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It might not have any impact. Human beings can gesture with our hands, but although we can use our hands to emphasize our speech, it doesn't really change the communications. The only non-constructed language I've ever heard of where hand position impacts the spoken words is pre-telephone dialects of Portuguese. There may be others, but they aren't common.

Just because we can use a signaling mechanism doesn't mean we will.

Or we might - facial expression, vocal pitch, and other signals DO commonly impact the spoken words. I think this is something you as an author can play any way you want.

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Any number of conventions might arise. For example:

I feel so overwhelmed! [magenta]

OR

I feel so magenta-overwhelmed!

Alternatively, things might not change much at all:

The premier's message was one of unity on this dark day, his powerful message being reinforced by strong, confident hues of blue, and deep purple as he addressed the nation.

It really depends on how complex those bio luminescence patterns are, and what sort of depth you want to go into when describing them.

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  • $\begingroup$ I wonder how this would affect synesthesia? $\endgroup$ – Skyler Oct 3 '16 at 18:06
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Written language conveys ideas. For a variety of obvious reasons, writing combinations of simple symbols is easiest, and changing the situation probably won't change that result. Maybe "$" means "literally-green-with-envy", but it's still going to be an easy-to-reproduce symbol.

For storytelling purposes, you want to sidestep all this, and just use English (or whatever). As Asimov lampshades in Second Foundation (emph mine):

The Student smiled shyly, and the First Speaker responded by saying, "First, I must tell you why you are here."

They faced each other now, across the desk. Neither was speaking in any way that could be recognized as such by any man in the Galaxy who was not himself a member of the Second Foundation.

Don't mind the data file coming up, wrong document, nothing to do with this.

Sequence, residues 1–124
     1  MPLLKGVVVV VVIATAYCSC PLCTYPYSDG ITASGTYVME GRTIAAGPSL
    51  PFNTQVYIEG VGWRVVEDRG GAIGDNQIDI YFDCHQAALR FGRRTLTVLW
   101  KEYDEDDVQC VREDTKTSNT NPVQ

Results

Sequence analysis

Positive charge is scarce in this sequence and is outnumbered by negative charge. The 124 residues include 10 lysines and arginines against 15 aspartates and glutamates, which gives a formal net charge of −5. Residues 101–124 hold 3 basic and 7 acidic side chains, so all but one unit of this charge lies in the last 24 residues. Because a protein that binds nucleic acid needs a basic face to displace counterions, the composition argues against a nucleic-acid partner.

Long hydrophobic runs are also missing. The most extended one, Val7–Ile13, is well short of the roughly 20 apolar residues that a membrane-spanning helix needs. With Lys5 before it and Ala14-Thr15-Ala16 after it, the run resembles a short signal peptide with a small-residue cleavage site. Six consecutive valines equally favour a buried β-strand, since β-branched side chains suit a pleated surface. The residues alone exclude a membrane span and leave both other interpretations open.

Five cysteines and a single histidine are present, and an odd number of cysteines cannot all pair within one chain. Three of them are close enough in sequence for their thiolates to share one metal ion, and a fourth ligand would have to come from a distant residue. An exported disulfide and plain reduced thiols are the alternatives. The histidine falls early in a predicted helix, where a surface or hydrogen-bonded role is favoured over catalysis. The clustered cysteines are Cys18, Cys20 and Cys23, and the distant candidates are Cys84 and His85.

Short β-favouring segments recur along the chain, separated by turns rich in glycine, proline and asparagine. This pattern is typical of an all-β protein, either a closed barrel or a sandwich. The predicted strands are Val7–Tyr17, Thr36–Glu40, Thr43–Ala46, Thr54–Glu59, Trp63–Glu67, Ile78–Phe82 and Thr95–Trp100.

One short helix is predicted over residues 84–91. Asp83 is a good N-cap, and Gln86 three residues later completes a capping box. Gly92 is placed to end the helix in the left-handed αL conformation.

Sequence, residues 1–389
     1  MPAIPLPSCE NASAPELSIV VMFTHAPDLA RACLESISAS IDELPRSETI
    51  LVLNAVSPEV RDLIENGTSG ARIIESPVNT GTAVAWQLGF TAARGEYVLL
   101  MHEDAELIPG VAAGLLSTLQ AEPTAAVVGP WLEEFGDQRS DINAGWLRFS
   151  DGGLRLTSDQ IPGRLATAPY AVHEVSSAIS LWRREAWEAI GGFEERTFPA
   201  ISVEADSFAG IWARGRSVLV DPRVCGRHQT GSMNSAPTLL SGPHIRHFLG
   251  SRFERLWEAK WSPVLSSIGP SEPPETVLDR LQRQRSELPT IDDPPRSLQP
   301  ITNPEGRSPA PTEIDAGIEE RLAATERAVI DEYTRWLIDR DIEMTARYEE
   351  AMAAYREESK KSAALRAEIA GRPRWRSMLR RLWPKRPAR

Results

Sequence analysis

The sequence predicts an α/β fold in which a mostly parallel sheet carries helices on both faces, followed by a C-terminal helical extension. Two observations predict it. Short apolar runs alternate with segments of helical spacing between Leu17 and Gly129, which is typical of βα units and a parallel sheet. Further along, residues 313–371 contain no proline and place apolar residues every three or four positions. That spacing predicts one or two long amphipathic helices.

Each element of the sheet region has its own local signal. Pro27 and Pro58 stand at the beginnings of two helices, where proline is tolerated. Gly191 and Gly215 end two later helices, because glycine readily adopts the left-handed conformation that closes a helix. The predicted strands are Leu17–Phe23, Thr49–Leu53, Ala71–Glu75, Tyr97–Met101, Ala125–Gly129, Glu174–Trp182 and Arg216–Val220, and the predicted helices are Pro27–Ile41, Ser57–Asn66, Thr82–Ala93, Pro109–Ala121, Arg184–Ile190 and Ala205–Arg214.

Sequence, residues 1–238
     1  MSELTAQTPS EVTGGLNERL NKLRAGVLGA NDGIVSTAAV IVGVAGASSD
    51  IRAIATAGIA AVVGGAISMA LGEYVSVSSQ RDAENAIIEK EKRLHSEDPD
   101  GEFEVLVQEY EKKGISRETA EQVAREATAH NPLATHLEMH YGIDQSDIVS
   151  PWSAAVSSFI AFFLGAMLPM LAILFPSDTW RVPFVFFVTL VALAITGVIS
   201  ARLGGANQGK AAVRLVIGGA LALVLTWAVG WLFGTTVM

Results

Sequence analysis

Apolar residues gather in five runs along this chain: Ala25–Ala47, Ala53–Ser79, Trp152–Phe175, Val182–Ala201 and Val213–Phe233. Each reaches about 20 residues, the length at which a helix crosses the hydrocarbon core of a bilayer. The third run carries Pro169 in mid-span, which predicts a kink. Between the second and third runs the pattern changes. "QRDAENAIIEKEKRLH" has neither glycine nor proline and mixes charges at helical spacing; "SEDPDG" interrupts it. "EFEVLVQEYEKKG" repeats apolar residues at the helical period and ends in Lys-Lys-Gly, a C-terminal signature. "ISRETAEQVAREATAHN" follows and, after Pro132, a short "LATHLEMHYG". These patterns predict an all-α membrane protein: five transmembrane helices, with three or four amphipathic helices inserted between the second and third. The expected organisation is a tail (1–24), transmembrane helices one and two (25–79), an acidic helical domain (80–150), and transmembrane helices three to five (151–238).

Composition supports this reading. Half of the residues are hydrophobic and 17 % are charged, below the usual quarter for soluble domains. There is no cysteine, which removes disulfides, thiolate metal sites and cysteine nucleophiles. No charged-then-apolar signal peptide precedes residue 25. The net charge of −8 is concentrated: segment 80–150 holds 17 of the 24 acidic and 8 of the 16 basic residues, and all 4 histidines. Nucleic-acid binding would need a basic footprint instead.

...

The same basic developments of mental science that had brought about the development of the Seldon Plan, thus made it also unnecessary for the First Speaker to use words in addressing the Student.

Every reaction to a stimulus, however slight, was completely indicative of all the trifling changes, of all the flickering currents that went on in another's mind. The First Speaker could not sense the emotional content of the Student's instinctively . . . rather he deduced them, as the result of intensive training.

Since, however, it is inherently impossible in a society based on speech to indicate truly the method of communication of Second Foundationers among themselves, the whole matter will be hereafter ignored. The First Speaker will be represented as speaking in ordinary fashion, and if the translation is not always entirely valid, it is at least the best that can be done under the circumstances.

It will be pretended therefore, that the First Speaker did actually say, "First, I must tell you why you are here," instead of smiling just so and lifting a finger exactly thus.

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Verbal vs Non-verbal communication

What you are describing is just a more pronounced form of what we already deal with when it comes to written language versus spoken. Body language, tone, inflection, gestures. There are any number of non-verbal cues that we have evolved to use and understand which have them been adapted over to the written word.

In the world you describe, written language would only have to be slightly shifted to accommodate the new facial markings. If you are writing about someone who is angry you can mention their volume and tone, or that they have clenched fists, or that their face flared crimson (or whatever the accepted display for "anger" would be). Those first two would work in our society because we understand that angry people shout and make fists. The third description would work because people in your setting would know that angry people have literal red faces.